“Praise be to the God and Father of our Lord Jesus Christ, the Father of compassion and the God of all comfort, who comforts us in all our troubles, so that we can comfort those in any trouble with the comfort we ourselves receive from God. For just as we share abundantly in the sufferings of Christ, so also our comfort abounds through Christ” -2 Corinthians 1:3-5, NIV

What a marvelous title – God of all comfort! New Testament writers use the concept comfort repeatedly. It conveys the idea of encouraging and exhorting those who cope with defeat, doubt and depression. Indeed, Jesus always stands next to His people with the pledge that He will never forsake them (Matt. 28:20). Although suffering is not eradicated, we have Someone who soothes us in the midst of it. Often we cry for temporary relief, but the God of all comfort gives permanent consolation in the midst of excruciating pain.

Many think that when God comforts us, our troubles should go away. But if that were always so, people would turn to Him only out of a desire to be relieved of pain and not out of love for Him. We must understand that being comforted can also mean receiving strength, encouragement and hope to deal with our troubles. The more we suffer the more comfort God gives us. If you are feeling overwhelmed allow God to comfort you. Remember that every trial you endure will help you comfort other people who are suffering similar trials. Paul makes it clear that the comfort we receive from God is not for our benefit only, but also for sharing with other hurting people.

Comfort is not found in the absence of pain, but in the midst of it. So many hurting Christians believe their walk with the Lord is not as it should be because of their intense pain. Feeling comfortable and being comforted are two entirely different things. The first is a nice feeling, but tends to come and go.  The second is a fact based on the Comforter, not on circumstances. And the wonderful thing is He does not come and go: “I will never leave you nor forsake you” (Heb. 13:5). When we are hurt, the God of all comfort gets out either the gentle medicine or the stronger dose to heal our wounds. And the wonderful part is He stays with us to comfort the pain. The God of all comfort, by the Holy Spirit, breathes comfort in the scrapes and wounds of life.

Those who have experienced hurting or suffering know it gets tiring after a while. The weary saint cries out with Paul to remove the thorn in his flesh. The Lord Jesus Christ Himself also prayed for the cup to be removed. In fact, He was so physically and emotionally weary, an angel was sent to strengthen Him (Luke 22:43).

Times of suffering are particularly difficult times, especially if the suffering has persisted. But it is precisely at these times the Comforter is the most precious. He is the Shepherd in the valley; the Father to His child; the Rock of ages; the Shelter in time of storm.

This should encourage those who are in pain. The parents of a wayward child will mourn, but does that mean they are not comforted? No! Their parental heart might ache for years to come, but their regenerated souls will take great comfort that there is One who loves their child more than they do.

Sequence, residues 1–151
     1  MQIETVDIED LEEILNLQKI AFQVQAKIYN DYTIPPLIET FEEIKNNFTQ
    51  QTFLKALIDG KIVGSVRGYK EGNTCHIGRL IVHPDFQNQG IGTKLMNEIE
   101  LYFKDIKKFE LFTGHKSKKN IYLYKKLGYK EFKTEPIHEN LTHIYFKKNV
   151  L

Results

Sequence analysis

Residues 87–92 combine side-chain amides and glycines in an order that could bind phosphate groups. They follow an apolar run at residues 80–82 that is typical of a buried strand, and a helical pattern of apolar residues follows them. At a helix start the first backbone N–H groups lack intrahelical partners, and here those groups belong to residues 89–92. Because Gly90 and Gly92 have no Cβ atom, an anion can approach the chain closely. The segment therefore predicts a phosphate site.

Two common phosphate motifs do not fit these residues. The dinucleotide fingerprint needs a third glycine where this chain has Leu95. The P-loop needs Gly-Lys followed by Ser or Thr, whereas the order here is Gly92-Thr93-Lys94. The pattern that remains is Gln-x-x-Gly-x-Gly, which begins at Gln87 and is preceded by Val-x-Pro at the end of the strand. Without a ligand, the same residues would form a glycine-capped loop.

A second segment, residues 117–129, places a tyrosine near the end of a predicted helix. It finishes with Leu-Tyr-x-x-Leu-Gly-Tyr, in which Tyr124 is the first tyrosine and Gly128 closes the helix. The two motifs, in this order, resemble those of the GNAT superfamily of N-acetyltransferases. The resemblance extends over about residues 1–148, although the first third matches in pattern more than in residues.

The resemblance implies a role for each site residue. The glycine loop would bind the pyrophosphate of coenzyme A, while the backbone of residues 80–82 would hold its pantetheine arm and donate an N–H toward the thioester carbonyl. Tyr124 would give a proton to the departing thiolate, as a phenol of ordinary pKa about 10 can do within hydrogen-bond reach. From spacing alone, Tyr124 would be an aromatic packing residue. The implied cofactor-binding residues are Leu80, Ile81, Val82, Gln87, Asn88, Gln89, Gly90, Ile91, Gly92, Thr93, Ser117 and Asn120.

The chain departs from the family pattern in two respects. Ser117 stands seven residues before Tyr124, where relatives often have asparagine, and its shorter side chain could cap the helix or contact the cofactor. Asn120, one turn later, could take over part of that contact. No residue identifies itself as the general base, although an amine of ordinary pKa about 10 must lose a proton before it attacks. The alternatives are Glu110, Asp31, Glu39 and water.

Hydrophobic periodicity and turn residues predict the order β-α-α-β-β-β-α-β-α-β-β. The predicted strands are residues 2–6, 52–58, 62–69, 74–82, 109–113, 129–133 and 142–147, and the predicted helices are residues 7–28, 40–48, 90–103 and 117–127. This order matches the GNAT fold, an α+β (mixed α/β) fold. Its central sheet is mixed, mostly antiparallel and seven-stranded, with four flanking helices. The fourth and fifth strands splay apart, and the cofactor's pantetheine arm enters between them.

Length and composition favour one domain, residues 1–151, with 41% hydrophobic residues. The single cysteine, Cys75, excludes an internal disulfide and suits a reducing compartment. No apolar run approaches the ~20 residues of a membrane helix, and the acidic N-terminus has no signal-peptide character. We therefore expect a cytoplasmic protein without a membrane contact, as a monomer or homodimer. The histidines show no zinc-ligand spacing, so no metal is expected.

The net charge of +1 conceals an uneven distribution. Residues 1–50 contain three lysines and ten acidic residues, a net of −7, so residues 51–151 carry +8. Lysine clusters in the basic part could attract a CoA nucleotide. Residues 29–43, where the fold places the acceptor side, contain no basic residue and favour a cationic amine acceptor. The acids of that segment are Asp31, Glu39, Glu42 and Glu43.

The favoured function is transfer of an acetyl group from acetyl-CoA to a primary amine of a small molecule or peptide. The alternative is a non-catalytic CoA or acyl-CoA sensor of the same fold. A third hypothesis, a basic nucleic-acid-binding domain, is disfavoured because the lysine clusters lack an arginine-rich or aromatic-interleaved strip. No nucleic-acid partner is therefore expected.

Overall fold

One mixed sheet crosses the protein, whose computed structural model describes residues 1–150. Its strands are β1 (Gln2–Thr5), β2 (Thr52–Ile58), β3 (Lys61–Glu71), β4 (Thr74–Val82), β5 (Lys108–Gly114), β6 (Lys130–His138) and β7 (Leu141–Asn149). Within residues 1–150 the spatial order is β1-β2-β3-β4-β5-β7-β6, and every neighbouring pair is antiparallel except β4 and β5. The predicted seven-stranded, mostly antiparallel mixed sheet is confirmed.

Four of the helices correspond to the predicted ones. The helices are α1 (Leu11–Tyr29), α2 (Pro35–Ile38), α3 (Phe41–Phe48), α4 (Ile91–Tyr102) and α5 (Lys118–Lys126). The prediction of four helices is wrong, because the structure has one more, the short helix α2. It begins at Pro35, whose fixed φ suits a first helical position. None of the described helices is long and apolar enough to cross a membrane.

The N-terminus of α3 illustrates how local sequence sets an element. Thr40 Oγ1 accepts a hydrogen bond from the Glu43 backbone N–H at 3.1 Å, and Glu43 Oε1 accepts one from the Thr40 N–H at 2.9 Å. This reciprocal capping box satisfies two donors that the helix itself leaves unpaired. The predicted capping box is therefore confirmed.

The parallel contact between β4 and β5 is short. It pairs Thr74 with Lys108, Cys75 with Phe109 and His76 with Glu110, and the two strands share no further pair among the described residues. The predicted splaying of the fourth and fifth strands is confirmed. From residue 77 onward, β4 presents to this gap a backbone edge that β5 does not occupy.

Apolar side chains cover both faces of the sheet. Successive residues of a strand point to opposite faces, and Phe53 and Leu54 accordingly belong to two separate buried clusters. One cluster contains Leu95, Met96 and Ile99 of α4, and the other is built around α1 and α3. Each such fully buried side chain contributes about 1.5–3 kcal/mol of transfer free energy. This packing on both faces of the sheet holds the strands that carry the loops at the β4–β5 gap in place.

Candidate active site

The wife whose husband has abandoned her will grieve and mourn, but does that mean she is not a victorious Christian? No! The victory comes when she goes to her empty bed and realizes there is One who will never abandon her. She hurts, but her soul rests in One who is able to soothe her wounds.

The husband who takes fresh flowers to a grave weeps uncontrollably when he remembers his wife’s smile. Are his tears a mark of spiritual immaturity? No! The tears are a mark of a man who dearly loved his wife. His heart breaks, but his soul rests in the Comforter who promises he will see his wife again.

Peace is not the absence of pain. We would not be promised a Comforter – much less need One – if the Christian life was a life of unending bliss. The typical view of the Christian life is one of deliverance from trouble, but Scripture calls us to deliverance in trouble. I have learned an amazing truth amidst my struggles in life: I can have a pain in my heart and a settled peace in my soul at the same time.

And so can you through the ministry of the Holy Spirit. The Comforter soothes in various ways – through Scripture, through music, through other saints (who have probably been hurt) and through other tailor-made ways that suit our particular struggles. God is wonderfully creative, perfectly matching comfort with sorrow. As a comforting Father, He gives strength to go on in the midst of pain. He is the perfect parent to His children!

My prayer for you today is that you will feel the loving arms of God wrapped around you. He is saying to those who belong to Him, “Sweet hurting child, you are so special to Me. I hurt with you. I’m staying right here to take good care of you.” As He is blowing gently on the stinging wound, He is remaining close to His children.

God’s peace is often unexplainable to someone who has not experienced it. In my life, the deeper the sorrow has been, the more indescribable the peace. So, the next time you tell someone about Christ, listen carefully to see where the brokenness is and how Christ can put that person’s life back together.  God does not comfort us to make us comfortable, but to make us comforters.

One of the many paradoxes of the Christian life is that the grace of God is most keenly experienced not in the best, but in what seem to be the worst of times. As much as a Christian longs for exaltation (1 Cor. 4:8), it is often in humiliation that he finds grace (2 Cor. 12:9).  It may not always be well with my circumstances, my emotions or my personality, but it is always well with my soul!

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